It was, in many ways, one of the most extraordinary decisions of Arsène Wenger's managerial career but it also showed both his unstinting faith in youth and in Philippe Senderos in particular.
Selecting the 20-year-old Swiss defender ahead of a fit-again Sol Campbell in a showpiece match which Arsenal had to win to save their season was an act of boldness. And unflinching belief.
It caused ripples, not least in the Arsenal camp. Campbell, despite his apparently phlegmatic approach to life, could barely conceal his wounded pride. As he emerged from the dressing-room area at the Millennium Stadium, the man who has been the cornerstone of his side's defences, said simply, "I am fit and well", before heading for the team coach with a shrug.
Senderos was the next Arsenal player to appear. "We made the team plan yesterday and I was delighted to be playing," he said in that preternaturally mature way of his way of his. "There's healthy competition for places now. It's great to have Sol Campbell back alongside me in training because you learn so much from him."
In truth, the player who may have cause for greater concern at Senderos's burgeoning progress is his defensive partner on Saturday, Kolo Touré. It could be that he finds himself omitted, or competing with Lauren for the right-back position, come next season.
Wenger certainly intimated that Campbell's future was secure. "It was a very difficult decision," he said of leaving out the 30-year-old England defender, who has also seen his place in the national side taken by another, in that case John Terry, while he has struggled with injury. "I love Sol Campbell," Wenger added, "but I just felt that he had been out for 14 games. He played in two matches but I had a feeling that he wasn't completely ready for 90 minutes and that in the last 15 or 20 minutes he would've been a bit short.
"I must say that Senderos and Kolo worked very well. If you look at the record we have achieved recently, we don't concede goals. But Sol will be back in the team at the beginning of next season."
Arsenal's record with Senderos has been nothing short of remarkable, especially when it is considered how soft they had been in the centre of defence at times this season. Indeed, Wenger recently noted that up until Christmas only one team, Charlton Athletic, had lost more headers in their own penalty area than Arsenal. Set-pieces proved their undoing.
Senderos's emergence has changed that and is a powerful confirmation that Arsenal may have solved one of the problems that has undermined their progress, particularly in European competition. Of the last 16 matches he has played - 14 for Arsenal and two for Switzerland - just three goals have been conceded. Two of those came in Arsenal's last Premiership match of the season at Birmingham City - when he was paired with Campbell.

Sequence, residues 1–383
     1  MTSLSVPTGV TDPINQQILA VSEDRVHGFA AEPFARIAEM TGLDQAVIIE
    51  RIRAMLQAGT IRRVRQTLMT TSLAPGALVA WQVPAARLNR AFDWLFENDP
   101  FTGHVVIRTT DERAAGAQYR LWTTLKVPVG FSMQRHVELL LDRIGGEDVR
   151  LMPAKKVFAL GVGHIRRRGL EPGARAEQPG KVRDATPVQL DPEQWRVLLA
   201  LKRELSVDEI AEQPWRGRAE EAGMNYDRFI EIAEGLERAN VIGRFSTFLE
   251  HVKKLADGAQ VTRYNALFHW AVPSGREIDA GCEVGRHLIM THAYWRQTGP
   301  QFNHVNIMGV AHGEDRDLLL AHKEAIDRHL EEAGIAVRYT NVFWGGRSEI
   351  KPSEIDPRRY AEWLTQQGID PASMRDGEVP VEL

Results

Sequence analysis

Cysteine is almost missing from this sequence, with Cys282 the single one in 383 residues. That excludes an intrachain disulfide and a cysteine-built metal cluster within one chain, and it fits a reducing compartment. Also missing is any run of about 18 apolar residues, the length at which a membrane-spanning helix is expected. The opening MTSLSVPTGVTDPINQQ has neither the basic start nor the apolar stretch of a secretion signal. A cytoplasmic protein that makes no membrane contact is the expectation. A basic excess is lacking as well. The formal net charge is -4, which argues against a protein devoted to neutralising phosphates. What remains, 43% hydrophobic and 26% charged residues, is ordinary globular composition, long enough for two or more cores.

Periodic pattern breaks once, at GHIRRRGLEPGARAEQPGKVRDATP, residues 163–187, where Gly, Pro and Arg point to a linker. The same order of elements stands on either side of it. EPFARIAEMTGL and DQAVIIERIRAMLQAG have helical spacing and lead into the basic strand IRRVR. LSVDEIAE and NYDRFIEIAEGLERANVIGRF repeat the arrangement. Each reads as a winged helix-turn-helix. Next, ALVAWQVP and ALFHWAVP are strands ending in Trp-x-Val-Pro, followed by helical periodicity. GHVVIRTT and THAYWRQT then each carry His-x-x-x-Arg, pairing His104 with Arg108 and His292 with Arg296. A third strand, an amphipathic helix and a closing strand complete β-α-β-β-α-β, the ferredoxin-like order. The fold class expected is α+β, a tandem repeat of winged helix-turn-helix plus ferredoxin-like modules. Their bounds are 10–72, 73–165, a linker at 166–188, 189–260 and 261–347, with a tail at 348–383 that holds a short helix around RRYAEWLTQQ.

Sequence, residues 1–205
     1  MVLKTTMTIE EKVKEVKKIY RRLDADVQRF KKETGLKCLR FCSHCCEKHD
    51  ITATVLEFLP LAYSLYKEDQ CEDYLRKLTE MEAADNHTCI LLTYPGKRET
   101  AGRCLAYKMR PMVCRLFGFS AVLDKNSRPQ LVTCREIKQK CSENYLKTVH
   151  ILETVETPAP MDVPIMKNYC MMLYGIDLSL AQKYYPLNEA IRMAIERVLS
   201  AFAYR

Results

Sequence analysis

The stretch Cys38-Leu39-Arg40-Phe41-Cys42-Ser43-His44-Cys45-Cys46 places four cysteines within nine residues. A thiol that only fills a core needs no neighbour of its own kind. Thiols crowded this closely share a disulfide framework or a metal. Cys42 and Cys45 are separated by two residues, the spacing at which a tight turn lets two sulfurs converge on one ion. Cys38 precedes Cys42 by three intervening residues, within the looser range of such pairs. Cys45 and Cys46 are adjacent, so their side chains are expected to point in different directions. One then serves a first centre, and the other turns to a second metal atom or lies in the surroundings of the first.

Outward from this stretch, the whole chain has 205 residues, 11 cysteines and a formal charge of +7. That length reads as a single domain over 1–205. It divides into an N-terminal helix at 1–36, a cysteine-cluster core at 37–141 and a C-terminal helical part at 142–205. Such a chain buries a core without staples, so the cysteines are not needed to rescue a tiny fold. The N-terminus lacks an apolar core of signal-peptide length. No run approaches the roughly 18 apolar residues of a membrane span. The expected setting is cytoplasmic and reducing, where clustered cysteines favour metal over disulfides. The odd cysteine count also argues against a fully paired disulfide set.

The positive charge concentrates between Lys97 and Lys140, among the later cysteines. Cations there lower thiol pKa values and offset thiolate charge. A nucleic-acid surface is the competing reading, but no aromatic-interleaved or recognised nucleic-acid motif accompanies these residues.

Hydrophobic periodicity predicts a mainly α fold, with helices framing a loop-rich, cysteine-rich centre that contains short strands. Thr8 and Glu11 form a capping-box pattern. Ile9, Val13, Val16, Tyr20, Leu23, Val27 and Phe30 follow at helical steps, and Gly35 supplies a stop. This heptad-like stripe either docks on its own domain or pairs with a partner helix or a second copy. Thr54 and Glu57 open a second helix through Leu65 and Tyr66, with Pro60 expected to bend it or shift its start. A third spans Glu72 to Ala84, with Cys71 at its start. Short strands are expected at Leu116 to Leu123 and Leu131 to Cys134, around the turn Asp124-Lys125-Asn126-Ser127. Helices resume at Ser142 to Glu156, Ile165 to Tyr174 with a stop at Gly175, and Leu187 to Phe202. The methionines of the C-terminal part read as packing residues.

What has been even more promising for Arsenal is the way that Senderos has, game by game, visibly improved. The turning point undoubtedly came in the second leg of the Champions' League tie against Bayern Munich when he was often left isolated as Arsenal pushed forward. Suddenly he looked quicker, stronger, able to recover and more sure on the ball. At 6ft 3in he is also a powerful and astute reader of the game, who, it is hoped, can not only emulate Campbell but Tony Adams as well.
"Every game you play you take more confidence," was Senderos's own verdict. "For a young player playing week after week you grow as a person as well. It gives you confidence. I also had things going for me as the team has been doing very well." It helps that his best friend at Arsenal - and his house-mate - Cesc Fabregas has had such an outstanding season.
Senderos, who speaks Spanish, English, German and Italian as well as French, has already showed the right determination to succeed. After joining Arsenal in the summer of 2003 - when Wenger held off competition from Europe's top clubs, including Bayern, Real Madrid, both Milan clubs and Manchester United - Senderos suffered a back injury and then a broken bone in his foot which denied him almost a whole campaign.
Senderos, who is from Geneva, joined Arsenal from Servette after bursting to prominence as captain of the Swiss under-17 side which astonishingly won the European Championships in 2002 when they beat England along the way. The score that day was 3-0 and, for Senderos, there was the satisfaction of keeping Wayne Rooney's name off the scoresheet - a feat he, of course, repeated at the weekend.Reuse content